England pin Aussies back

James Anderson and Michael Clarke (AFP)
James Anderson and Michael Clarke (AFP)
Nottingham - A breathless opening day to the first Ashes Test at Trent Bridge saw Australia reach 75-4 at stumps on Wednesday, trailing England by 140 runs as Steven Finn brought England back into the Test as bowlers held sway on an overcast day in Nottingham.

Not since 2005, when 17 wickets fell at Lord's, had the first day of an Ashes series seen bowlers enjoy so much success.

Fast bowler Finn took two wickets in two balls before England spearhead James Anderson produced a superb delivery to clean bowl Australia captain Michael Clarke, the tourists' best batsman, for nought.

Steven Smith, not even in the original Ashes squad, was 38 not out and Phil Hughes, no longer an opener but batting at number six, seven not out as floodlights pierced the gloom.

"I think we fought back really well in that last session, Jimmy bowled beautifully and I managed to pick up a couple of wickets," Finn told BBC Radio's Test Match Special.

"Jimmy is a special bowler and has been for a long time...The ball that got Michael Clarke was an absolute beauty," Finn added.

Earlier, Australia fast medium-bowler Peter Siddle took five wickets for 50 runs after England captain Alastair Cook won the toss, with Jonathan Trott's 48 the hosts' top score.

Siddle's haul was his latest impressive start to an Ashes series after he took six for 54, including a hat-trick, on the opening day of the 2010/11 series at Brisbane.

"It's been an extraordinary day," said Siddle.

"Once we all settled down in the field, things went our way. Hopefully we can now go on and get some runs.

"I don't think the pitch played a big part in the day's play, it was the cloud cover."

Australia's bowling always looked significantly stronger than their batting, with the key to the tourists' hopes of regaining the Ashes appearing to rest on the performance of their top order.

New Australia coach Darren Lehmann decided to restore Shane Watson to his preferred spot at the top of the order.

But Watson, who in 41 previous Tests had managed just two hundreds, was out in familiar fashion when he pushed forward firmly against Finn without adjusting for away movement and was caught by third slip Joe Root for 13.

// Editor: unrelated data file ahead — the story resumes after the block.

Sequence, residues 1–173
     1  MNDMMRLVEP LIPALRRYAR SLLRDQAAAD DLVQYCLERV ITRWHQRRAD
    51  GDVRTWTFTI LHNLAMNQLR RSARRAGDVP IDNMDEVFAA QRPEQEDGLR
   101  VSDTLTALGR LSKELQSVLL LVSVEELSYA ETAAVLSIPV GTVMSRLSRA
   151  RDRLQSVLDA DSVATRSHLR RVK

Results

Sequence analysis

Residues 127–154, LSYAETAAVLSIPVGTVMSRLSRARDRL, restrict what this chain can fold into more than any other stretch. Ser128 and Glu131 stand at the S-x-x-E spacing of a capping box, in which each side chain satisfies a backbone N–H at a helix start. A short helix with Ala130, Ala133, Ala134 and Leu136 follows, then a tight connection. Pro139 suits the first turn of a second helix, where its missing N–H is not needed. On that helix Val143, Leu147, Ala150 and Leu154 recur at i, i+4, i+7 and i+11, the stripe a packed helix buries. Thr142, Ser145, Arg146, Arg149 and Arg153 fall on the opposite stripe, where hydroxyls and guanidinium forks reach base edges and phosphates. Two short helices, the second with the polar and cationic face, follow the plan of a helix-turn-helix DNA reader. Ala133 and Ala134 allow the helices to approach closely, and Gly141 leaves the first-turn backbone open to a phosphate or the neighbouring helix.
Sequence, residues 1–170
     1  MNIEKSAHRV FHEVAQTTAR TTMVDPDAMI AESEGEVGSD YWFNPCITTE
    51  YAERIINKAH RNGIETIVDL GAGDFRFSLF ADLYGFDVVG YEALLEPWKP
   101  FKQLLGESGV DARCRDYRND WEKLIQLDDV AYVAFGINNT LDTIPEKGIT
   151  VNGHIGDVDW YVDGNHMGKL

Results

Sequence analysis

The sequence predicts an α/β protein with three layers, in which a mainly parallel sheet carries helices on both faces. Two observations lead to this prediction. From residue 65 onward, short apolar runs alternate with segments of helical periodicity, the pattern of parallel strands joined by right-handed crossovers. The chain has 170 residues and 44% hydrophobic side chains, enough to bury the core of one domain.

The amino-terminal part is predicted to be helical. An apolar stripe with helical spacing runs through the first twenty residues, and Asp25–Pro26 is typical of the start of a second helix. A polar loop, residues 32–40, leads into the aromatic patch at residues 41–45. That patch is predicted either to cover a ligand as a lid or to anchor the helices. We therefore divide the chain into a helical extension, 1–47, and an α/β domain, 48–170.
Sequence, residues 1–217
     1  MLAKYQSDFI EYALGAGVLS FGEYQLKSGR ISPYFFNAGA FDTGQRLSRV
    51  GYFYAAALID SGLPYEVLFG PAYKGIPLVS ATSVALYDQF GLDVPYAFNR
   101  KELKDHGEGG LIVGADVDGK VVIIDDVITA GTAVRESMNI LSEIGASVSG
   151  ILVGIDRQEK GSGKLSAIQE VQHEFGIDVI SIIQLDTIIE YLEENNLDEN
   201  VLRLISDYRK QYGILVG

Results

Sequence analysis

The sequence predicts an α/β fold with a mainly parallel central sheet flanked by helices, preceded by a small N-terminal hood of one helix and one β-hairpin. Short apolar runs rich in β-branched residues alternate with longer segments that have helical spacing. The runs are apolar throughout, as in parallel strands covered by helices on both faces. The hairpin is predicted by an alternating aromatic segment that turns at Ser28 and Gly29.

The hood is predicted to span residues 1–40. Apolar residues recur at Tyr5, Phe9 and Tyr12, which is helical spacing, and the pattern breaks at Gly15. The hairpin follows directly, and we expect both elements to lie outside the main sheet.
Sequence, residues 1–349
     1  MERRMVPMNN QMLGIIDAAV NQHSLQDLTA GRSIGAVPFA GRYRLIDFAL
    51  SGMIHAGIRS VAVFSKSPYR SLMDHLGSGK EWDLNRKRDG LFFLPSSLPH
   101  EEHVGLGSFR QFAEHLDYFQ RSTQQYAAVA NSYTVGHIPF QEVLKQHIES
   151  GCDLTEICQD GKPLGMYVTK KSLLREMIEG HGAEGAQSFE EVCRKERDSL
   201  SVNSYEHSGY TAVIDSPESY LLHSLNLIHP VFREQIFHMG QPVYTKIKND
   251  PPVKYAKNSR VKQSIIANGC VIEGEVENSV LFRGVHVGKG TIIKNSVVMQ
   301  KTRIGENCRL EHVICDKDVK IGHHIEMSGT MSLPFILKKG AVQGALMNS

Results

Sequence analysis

Next ball Australia were 19 for two when Ed Cowan, who spent the early part of the season at Trent Bridge, with Nottinghamshire, carelessly chased a wide delivery and was caught at second slip by county colleague Graeme Swann.

Clarke narrowly survived the hat-trick bid but lasted just five more balls, with Anderson producing a near unplayable delivery that angled in and seamed away late to hit off stump.

Australia were now 22 for three and this with regular England new ball bowler Stuart Broad off the field with a shoulder injury suffered while batting.

Opener Chris Rogers, recalled for his second Test five years after his debut, hung on for over an hour.

But he was eventually lbw for 16 to Anderson, bowling from around the wicket and not even a review of umpire Kumar Dharmasena's decision could reprieve the 35-year-old..

Smith, seizing on anything loose, struck five fours and boldly went down the pitch to drive off-spinner Swann for the first six of the match.

England captain Alastair Cook had won the toss and chose to bat beneath grey skies, perhaps hoping the clouds would lift during the innings.

But Cook, who scored a mammoth 766 runs during England's 3-1 series win in 2010/11, was caught behind off James Pattinson for just 13.

Root, in his first Ashes Test and first as an opener, made a promising 30 before he was bowled off-stump by Siddle's excellent outswinging yorker.

England lost star batsman Kevin Pietersen for 14 when he nicked Siddle to Clarke in the slips.

Trott was in good touch and struck nine fours before Siddle induced him to play on.

Ian Bell (25) and Jonny Bairstow (37) both made starts but neither could press on to a major innings.

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